Dissident abducted in Georgia resurfaces in Azerbaijani jail

Dissident abducted in Georgia resurfaces in Azerbaijani jail
Business interests in Georgia of Azerbaijani President Ilham Aliyev (above) were being investigated by abducted journalist Afghan Mukhtarli.
By bne IntelliNews June 1, 2017

Azerbaijani dissident Afghan Mukhtarli, who has been in exile in Georgia since 2015 after criticising the Azerbaijani regime of President Ilham Aliyev, disappeared from the Georgian capital city of Tbilisi on May 29 only to resurface in an Azerbaijani jail a day later, with his lawyers claiming he was abducted and transported across the border.

Mukhtarli and his wife, Leyla Mustafayeva, are two of an increasing number of Azerbaijani dissidents that have fled to Georgia in recent years in order to escape persecution at home.Under Aliyev, Azerbaijan has become one of the worst places for human rights in the world. Critics of the government and political opponents are customarily harassed, jailed and sentenced on trumped-up charges in embezzlement, tax evasion, or drug or weapon possession. Reporters Without Borders ranked Azerbaijan as the 162nd worst out of 180 countries in its 2017 World Freedom Index.

Meanwhile, Azerbaijan's more democratic neighbour Georgia is an aspirant to EU membership that has made strides toward democratic reform in the last decade. However, recent reports have claimed that Tbilisi is now sacrificing democratic principles to protect its bilateral ties with its more dictatorial neighbours Azerbaijan and Turkey. Azerbaijan is one of Georgia’s top trading partners and the source of most of its gas. Commercial and diplomatic relations between the two countries are very close.

Radio Free Europe/ Radio Liberty (RFE/RL) cited Elchin Sadigov, Mukhtarli’s lawyer, as saying that the journalist was abducted while he was headed to his home in Tbilisi on May 29, hooded and transported to Azerbaijan. His initial abductors reportedly spoke Georgian; after two car changes, those transporting him spoke Azerbaijani. Mukhtarli's passport remains at his home in Tbilisi, Eurasianet reported on May 30 citing Mukhtarli’s wife. During transport, he was reportedly tied up and beaten, according to RFE/RL.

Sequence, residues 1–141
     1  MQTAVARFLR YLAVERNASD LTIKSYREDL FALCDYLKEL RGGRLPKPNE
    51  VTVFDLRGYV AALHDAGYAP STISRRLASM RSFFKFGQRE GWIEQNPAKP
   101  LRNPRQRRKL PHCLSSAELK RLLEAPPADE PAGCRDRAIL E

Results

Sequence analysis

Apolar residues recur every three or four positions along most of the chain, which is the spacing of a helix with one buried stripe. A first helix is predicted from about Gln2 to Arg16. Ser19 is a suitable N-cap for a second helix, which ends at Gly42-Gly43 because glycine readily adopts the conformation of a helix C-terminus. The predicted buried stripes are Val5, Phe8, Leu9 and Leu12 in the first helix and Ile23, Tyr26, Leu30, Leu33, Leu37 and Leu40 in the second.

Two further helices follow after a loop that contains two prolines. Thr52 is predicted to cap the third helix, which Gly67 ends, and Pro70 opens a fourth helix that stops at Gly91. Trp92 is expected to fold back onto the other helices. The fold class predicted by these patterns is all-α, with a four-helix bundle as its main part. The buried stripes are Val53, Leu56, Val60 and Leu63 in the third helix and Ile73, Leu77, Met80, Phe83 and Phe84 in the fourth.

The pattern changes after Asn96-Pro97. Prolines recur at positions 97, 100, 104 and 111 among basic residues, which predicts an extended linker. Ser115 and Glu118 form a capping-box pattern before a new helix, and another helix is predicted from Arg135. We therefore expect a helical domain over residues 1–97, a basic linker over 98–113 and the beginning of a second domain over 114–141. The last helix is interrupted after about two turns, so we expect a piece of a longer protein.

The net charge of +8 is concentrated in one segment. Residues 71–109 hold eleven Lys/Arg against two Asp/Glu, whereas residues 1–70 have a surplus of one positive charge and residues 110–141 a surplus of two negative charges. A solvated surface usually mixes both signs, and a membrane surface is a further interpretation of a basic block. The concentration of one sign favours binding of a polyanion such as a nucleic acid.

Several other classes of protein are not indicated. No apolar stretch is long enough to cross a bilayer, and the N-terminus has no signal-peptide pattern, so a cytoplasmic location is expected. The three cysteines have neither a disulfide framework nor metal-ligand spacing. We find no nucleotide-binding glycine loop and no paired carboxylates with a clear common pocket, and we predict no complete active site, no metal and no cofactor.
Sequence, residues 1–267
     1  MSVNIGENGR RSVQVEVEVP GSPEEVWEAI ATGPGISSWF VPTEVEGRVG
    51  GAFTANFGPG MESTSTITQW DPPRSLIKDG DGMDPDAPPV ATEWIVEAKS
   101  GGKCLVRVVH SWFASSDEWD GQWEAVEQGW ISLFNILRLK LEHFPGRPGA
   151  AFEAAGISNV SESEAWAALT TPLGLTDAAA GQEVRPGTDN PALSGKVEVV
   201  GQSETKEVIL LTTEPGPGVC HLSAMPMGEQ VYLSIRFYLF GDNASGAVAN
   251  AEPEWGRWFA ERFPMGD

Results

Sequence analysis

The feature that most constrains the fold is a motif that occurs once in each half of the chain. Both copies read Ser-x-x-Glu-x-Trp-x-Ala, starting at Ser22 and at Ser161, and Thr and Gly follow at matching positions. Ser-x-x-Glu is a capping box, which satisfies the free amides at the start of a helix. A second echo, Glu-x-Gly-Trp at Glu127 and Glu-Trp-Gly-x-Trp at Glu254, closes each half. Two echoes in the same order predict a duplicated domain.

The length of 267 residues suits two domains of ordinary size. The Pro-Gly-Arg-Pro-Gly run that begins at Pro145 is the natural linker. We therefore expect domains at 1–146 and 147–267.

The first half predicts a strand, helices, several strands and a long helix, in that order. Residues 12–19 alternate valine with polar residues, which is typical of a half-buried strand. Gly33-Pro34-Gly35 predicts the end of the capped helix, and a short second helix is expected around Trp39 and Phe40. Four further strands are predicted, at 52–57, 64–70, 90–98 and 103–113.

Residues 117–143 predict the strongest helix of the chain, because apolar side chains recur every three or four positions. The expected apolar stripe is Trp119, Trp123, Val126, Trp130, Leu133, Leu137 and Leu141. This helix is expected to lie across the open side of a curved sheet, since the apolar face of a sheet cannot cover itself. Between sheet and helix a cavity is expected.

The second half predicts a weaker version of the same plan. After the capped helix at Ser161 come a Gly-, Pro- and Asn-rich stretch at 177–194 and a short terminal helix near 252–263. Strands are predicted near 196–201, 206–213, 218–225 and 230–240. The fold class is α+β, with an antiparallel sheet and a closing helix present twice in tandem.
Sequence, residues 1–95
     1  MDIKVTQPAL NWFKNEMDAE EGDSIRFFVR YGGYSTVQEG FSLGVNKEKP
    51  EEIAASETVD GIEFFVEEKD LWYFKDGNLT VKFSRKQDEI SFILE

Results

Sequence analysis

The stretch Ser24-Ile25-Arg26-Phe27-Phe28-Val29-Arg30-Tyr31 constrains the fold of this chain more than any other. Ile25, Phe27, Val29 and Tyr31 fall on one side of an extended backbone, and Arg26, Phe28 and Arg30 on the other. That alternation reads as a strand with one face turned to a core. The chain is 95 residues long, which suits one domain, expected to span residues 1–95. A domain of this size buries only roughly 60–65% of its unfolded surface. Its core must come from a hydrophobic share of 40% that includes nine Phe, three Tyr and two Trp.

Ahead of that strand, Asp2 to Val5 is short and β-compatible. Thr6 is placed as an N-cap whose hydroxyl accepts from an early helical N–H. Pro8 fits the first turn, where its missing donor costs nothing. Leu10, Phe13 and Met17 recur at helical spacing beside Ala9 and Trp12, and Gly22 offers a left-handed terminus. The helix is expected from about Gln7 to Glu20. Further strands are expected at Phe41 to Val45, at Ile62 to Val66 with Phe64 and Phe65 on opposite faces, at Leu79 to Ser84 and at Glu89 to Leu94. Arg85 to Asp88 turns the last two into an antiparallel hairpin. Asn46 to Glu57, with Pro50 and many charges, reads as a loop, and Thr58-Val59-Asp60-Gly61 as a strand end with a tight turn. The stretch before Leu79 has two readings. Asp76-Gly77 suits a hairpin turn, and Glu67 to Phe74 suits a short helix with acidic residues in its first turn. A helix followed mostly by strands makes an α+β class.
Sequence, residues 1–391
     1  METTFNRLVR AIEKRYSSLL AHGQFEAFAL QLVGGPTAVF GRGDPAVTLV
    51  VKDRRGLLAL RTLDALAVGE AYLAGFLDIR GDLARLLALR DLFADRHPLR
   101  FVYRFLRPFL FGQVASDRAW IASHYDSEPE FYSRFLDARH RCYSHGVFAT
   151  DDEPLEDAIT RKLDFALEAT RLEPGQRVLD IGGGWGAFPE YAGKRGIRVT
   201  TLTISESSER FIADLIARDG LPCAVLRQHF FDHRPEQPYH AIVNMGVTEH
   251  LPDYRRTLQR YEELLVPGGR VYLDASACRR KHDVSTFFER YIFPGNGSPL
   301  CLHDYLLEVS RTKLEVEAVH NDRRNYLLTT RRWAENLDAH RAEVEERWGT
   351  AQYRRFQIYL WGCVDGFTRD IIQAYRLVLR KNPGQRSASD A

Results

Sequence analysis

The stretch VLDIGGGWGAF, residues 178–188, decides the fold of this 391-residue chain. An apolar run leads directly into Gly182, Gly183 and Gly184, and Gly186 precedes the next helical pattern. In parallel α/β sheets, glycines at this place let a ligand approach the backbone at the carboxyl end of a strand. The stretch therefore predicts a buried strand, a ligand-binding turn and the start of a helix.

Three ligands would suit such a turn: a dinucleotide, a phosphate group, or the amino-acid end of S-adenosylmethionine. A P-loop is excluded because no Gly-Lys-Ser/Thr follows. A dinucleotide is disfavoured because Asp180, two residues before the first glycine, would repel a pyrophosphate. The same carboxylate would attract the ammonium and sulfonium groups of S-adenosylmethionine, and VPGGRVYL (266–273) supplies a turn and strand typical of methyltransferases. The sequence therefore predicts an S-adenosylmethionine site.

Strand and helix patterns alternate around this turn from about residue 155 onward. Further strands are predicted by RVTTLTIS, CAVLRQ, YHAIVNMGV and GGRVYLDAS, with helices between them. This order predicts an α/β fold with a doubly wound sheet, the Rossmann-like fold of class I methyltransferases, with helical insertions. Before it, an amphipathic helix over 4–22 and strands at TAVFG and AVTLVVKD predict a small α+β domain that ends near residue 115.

It is unclear whether the abduction was conducted by the Azerbaijani secret services, the Georgian secret services or both in collaboration.

Baku customarily detains those that are critical of the regime and their families when they attempt to enter or leave the county. In a separate case, on May 25 Gozel Bayramli, deputy head of the largest opposition party in Azerbaijan, the Popular Front, was detained when returning from Georgia. Azerbaijani authorities accused her of carrying $12,000 in her hand luggage without declaring it. Ali Kerimli, the party's chairman, claims that she was set up. 

According to RFE/RL, dozens of Georgians demonstrated in Tbilisi on May 31 against Mukhtarli’s alleged abduction, while Georgian President Giorgi Margvelashvili described it as a serious challenge to the Georgian state and its sovereignty. “Georgia is a regional leader in terms of protection of human rights and journalists in particular... Upholding this standard is a matter of our state’s sovereignity,” Margvelashvili said, according to RFE/RL.  

In a Facebook post on May 31, Nils Muiznieks, the Council of Europe's Commissioner for Human Rights, said that he was “appalled” by what had happened to Mukhtarli and called on the Georgian authorities to react urgently. The Georgian interior ministry said it has launched an investigation into the affair.

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